Talk:Bacteriophage experimental evolution

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 Definition Method of testing evolutionary theory under carefully designed, reproducible experiments using bacteriophages. [d] [e]

Hopefull David Tribe and John Denhenny will jopin forces here. :-) Nancy Sculerati 16:52, 21 June 2007 (CDT)

These Wikipedia imports need to be done from the Wiki source, not the display... James A. Flippin 16:53, 21 June 2007 (CDT)

It's really irrelevant, James- only because what got imported only serves as a rough kind of outline, a placeholder, for what's to come. By the time the article is done, there will very likely be nothing left of the old Wikipedia article. Bacteriophage is an approved articles, and the field is a complicated one, many artices will be worked on a bit at a time- but in concert. It's a creative process that needs to incubate. Yopu are right that we don't want to be a mirror of WP (especially a cracked one) but these imports by John are in good faith made by an expert in the subject. It's ok, really, to let them sit for a while -you will see good articles come from them.[Everybody's very busy now, so it's one step at a time. [User:Nancy Sculerati|Nancy Sculerati]] 16:57, 21 June 2007 (CDT)
It's really relevant, because it makes it very difficult to edit the articles. If you just copy and paste the display, all you get for a footnote is a raised number, not the actual footnote. James A. Flippin 17:01, 21 June 2007 (CDT)
James, how about showing us how to import this article so that the references work correctly. --Matt Innis (Talk) 17:09, 21 June 2007 (CDT)
It's currently impossible for this page, since it no longer even exists at Wikipedia (they seem to not like lists of journal articles). In general though, it is most helpful to go to the page, say Phage ecology, click edit this page, copy the source in the edit box, and paste it into the edit box at Citizendium. If you compare the original import and current revision, you can see the difference clearly. James A. Flippin 17:16, 21 June 2007 (CDT)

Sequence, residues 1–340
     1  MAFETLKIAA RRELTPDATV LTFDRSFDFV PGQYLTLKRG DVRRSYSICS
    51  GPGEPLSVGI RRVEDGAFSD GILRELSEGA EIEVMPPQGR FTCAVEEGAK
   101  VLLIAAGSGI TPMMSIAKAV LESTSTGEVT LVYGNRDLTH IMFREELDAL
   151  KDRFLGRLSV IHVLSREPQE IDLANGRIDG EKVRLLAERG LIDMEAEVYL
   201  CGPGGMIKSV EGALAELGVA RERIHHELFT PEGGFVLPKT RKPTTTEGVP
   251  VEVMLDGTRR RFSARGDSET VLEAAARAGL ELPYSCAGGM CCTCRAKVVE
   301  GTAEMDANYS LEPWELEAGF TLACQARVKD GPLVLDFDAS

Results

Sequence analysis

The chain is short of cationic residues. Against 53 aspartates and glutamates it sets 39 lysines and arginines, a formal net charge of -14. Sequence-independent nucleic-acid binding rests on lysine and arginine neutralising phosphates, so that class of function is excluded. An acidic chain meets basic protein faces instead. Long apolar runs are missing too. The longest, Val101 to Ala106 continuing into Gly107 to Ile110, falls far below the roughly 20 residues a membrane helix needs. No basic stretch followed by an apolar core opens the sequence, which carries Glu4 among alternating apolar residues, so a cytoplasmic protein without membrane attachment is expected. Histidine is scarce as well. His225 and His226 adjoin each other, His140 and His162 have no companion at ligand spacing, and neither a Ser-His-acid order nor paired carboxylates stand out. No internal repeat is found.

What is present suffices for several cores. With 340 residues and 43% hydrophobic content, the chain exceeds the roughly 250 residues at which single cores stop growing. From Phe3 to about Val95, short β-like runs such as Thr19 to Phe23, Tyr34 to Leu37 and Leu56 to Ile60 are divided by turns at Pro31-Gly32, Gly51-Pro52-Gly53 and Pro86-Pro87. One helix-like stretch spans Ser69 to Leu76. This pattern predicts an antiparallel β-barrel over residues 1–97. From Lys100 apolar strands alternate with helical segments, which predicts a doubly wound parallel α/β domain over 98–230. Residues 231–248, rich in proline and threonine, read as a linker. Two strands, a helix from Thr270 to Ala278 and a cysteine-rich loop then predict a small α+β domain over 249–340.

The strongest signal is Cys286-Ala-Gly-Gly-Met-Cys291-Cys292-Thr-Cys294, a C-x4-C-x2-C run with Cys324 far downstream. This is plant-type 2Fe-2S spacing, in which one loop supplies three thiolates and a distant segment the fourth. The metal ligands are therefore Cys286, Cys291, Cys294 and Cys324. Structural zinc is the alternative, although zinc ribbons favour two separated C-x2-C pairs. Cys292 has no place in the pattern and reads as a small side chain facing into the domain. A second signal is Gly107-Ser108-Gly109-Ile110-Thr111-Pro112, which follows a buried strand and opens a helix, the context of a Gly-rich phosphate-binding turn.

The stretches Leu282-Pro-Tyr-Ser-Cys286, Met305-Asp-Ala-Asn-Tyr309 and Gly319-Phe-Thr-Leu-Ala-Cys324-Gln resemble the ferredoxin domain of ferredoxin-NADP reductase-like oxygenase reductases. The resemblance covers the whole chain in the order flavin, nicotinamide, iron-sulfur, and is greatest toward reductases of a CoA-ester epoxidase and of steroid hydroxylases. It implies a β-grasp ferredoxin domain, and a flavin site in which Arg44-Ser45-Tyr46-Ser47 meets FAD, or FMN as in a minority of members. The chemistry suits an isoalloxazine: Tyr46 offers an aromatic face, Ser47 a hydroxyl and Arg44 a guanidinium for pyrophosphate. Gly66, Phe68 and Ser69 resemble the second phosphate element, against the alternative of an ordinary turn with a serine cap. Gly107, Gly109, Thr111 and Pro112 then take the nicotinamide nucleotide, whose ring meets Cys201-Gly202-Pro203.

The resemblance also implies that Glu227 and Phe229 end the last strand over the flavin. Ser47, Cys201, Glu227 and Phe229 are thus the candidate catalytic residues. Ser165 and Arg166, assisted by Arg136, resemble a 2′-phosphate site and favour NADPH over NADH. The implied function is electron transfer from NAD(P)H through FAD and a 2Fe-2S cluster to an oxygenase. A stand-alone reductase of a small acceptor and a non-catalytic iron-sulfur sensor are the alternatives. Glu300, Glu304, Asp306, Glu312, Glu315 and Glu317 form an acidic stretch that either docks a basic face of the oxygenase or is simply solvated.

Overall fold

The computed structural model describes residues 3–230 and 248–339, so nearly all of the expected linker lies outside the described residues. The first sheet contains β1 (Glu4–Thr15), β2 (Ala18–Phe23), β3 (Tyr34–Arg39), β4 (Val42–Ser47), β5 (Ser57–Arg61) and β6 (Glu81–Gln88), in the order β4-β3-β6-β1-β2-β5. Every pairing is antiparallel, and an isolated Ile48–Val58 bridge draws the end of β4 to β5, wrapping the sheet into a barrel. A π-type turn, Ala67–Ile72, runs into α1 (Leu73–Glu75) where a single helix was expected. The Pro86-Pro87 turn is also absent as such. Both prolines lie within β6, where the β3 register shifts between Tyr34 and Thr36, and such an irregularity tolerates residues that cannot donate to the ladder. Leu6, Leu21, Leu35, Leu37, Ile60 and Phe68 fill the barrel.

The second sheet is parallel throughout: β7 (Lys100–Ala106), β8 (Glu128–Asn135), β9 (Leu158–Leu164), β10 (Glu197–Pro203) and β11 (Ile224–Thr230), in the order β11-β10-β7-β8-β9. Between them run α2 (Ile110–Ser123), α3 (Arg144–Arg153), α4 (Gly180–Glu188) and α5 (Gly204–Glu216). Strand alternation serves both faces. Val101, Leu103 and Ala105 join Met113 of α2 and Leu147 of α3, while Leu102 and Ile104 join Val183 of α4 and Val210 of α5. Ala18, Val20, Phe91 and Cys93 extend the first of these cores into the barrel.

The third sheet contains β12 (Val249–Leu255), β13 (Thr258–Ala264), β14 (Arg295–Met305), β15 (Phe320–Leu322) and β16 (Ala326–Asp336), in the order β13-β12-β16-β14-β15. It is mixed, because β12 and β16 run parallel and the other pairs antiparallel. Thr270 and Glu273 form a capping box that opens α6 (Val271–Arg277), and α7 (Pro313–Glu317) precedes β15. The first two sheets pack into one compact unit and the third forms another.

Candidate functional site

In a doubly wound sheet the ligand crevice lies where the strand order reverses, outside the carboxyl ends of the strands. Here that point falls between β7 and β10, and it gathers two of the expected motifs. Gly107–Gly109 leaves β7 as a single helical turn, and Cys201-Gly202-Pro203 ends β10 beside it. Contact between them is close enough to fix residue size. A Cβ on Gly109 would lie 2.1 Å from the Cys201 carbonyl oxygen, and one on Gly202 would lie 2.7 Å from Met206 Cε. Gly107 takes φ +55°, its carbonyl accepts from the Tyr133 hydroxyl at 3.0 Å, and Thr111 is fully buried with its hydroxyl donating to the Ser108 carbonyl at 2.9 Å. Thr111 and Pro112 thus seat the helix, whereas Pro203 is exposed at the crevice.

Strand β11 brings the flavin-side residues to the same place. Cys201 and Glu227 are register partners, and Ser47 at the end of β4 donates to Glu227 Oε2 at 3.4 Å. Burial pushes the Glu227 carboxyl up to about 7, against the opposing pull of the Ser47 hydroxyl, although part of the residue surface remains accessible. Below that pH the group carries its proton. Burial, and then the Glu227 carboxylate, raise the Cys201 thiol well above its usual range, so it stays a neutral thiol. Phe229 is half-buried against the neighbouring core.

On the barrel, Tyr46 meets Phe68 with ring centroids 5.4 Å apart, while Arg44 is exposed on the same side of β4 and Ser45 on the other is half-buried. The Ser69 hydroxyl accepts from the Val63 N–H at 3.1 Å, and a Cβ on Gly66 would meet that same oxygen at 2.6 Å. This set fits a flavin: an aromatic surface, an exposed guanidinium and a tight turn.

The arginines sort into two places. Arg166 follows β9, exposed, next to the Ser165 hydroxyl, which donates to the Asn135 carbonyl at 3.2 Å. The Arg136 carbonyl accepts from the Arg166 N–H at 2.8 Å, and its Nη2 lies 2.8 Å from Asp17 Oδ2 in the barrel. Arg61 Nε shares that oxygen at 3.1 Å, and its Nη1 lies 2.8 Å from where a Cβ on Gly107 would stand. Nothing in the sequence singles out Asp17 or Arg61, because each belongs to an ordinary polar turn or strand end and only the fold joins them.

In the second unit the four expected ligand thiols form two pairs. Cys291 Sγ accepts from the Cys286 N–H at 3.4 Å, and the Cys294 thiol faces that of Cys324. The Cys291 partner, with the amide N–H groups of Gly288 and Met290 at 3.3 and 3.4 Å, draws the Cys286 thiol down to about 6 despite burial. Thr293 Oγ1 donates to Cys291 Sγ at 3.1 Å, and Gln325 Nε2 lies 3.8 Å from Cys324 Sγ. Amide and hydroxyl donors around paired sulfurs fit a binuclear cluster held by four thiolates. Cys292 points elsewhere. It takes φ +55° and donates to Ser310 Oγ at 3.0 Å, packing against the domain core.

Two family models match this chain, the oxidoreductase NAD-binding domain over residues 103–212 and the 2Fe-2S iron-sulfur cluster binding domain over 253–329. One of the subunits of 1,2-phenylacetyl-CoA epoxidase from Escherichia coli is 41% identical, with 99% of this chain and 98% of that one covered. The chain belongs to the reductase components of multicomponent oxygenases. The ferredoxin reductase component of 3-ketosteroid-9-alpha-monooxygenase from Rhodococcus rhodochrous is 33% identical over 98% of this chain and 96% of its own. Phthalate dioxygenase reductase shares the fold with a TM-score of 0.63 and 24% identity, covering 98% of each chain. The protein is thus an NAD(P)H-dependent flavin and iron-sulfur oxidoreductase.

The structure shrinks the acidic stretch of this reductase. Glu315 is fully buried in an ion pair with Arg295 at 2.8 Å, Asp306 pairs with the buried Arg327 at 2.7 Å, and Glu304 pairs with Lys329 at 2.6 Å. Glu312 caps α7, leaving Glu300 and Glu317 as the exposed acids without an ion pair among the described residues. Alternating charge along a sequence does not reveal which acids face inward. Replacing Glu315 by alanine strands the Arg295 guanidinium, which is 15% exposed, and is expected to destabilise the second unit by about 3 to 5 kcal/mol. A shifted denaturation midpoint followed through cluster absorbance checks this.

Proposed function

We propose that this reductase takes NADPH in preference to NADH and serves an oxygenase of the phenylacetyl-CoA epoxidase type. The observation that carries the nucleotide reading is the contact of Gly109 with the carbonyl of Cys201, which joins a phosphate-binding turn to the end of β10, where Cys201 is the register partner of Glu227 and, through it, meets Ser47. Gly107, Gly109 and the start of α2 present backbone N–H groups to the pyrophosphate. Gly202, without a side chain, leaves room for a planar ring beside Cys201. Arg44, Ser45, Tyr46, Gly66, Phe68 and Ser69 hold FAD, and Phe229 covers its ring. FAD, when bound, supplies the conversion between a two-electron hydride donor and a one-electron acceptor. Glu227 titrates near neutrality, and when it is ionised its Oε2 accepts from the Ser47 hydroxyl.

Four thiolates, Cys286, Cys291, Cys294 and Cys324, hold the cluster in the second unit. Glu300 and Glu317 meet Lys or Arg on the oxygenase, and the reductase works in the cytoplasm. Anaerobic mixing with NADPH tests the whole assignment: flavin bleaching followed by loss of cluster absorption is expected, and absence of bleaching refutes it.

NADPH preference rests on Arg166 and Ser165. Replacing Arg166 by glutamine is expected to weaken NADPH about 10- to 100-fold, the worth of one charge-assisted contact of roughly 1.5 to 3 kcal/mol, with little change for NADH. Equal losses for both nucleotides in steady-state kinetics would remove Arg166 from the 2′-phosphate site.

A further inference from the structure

Is this right?

"An advantage of laboratory phylogenetics is the exact evolutionary history of an organism is known, rather than estimated as is the case for most organisms."

In the laboratory you have the start genotype and the end genotype and possibly many intermediate genotypes depending on how the experiment is designed. However, unless each genome has only one mutation per generation, there is no way to know the exact sequence of events that led to the new genotype. Pedantic, I know, but we need to be as accurate a possible, as well as enthusiastic. Am I missing something with respect to the details of the experiments here? Chris Day (talk) 15:00, 23 June 2007 (CDT)

well, Chris, while it is theoretically possible to track each mutation change (I think in fact this has been done), that's not exactly what I mean. Rather a lineage is split artificially and allowed to propagate in isolation and subsequently we use our knowledge of the population's evolutionary history to test the ability of phylogenetic models to estimate unknown histories. The Hillis, Bull, White et al. paper is a good example of this. I think all that is required for this statement is that we know the start point and the end point, hence can trace the phylogeny in between.--John J. Dennehy 18:57, 24 June 2007 (CDT)